Coding conventions are important for parsing code quickly and accurately, and they can differ from person to person, but each coder needs to find an approach and stick with it. Think about how two books can feature two different fictional universes, but each one must have internal consistency to make any sense.
When a developer casually switches between using tabs and spaces when indenting lines or uses camelCase for naming things in one section but swaps to lowercase with underscores for the next, it runs the risk of causing needless confusion—and it can make the code a headache to look (and search) through. What if someone extrapolates from one section to search the entire file, but later discovers that they had the wrong case because you mixed up your style?
And if you don’t think this really matters, then think about resale value. Software is sold, plugins are sold, apps are sold—even selling your business directly is an option in a time of so-called website flipping. If your work comes across as amateurish when someone arranges a detailed review of your code, it might not matter how solid your work is from a technical standpoint. This isn’t about the ongoing dispute between those favoring tabs and those favoring spaces, or even the eternal war between Mac and PC users, because you should use whichever you prefer. Just pick one and stick with it.
Duplicating Code Unnecessarily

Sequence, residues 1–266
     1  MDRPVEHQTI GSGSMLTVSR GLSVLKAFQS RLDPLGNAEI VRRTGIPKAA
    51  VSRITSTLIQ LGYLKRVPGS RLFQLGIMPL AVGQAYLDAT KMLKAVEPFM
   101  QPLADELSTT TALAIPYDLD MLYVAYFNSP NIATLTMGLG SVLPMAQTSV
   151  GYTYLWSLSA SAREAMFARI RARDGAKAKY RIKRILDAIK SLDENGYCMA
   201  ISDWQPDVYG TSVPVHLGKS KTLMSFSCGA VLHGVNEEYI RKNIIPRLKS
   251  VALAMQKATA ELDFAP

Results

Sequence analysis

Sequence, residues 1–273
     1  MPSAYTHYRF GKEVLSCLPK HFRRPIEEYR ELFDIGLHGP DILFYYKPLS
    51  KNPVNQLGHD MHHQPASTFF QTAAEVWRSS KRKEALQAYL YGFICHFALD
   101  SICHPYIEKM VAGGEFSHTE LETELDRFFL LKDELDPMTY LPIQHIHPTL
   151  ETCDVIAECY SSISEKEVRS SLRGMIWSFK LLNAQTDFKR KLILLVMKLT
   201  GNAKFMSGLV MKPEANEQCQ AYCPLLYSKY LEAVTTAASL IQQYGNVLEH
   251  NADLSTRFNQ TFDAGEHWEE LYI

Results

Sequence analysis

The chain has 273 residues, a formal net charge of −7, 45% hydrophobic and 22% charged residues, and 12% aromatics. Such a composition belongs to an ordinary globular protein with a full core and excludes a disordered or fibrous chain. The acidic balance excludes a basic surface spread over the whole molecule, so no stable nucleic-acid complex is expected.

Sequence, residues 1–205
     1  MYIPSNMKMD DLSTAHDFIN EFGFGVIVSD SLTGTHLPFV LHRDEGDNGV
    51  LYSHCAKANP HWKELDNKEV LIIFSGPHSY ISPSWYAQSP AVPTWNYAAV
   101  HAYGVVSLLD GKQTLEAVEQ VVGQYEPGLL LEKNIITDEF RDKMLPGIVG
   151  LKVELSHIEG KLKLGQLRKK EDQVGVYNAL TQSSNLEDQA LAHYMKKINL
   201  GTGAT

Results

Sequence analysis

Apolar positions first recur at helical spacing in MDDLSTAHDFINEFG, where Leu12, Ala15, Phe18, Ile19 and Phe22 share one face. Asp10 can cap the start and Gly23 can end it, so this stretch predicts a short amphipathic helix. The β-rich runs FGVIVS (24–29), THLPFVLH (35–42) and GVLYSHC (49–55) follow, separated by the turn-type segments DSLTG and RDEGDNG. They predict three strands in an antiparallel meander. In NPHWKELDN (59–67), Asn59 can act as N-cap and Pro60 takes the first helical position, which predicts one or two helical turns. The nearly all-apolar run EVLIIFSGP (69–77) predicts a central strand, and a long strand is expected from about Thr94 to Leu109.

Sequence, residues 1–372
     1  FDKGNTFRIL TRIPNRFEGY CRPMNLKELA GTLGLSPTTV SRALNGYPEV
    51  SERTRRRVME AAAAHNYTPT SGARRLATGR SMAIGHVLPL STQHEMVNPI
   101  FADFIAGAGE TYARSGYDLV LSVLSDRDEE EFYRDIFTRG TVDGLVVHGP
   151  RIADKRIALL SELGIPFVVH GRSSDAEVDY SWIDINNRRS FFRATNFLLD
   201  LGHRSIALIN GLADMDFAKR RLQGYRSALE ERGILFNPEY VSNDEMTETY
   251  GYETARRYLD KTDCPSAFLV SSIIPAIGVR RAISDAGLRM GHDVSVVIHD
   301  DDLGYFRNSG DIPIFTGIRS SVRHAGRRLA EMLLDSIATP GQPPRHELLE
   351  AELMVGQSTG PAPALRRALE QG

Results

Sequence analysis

You may not always write code that’s stylish and elegant, and that kind of hyper-polished standard may not always be expected, so you don’t need to be self-conscious about coming up with a solution that seems somewhat pieced together. If it works well, that’s probably enough. However, there are some standards that you should always meet, typically involving code economy.
Suppose that you have a fairly-generic chunk of code that outputs an error message to the console when called, and though you wrote it for a single instance, you later realize that there are numerous places in which it needs to be implemented—so you take that chunk of code and paste it into every one of those places.
That may work, of course. But what happens when you want to tweak the parameters of that error-generation process? Yes, you guessed it: you need to track down and change every single instance of the code. This is precisely what functions are for. If you define the code as a function, you can then call it wherever it’s needed, and if you need to update it, you need only alter the function definition.
Is this a really obvious thing to understand? Yes. But it’s also something people may get wrong all too frequently. So, learn from those needless mistakes, and make sure that you’re being economical with your code.
Wrapping up, it’s absolutely fine to have a personal coding style, but mind that you don’t allow yourself to pick up bad habits while you work. If you tend to zone out while you write code, try spending a day being more keenly aware of the underlying mechanisms of your routine—you might just find that you’re a little sloppier than you thought!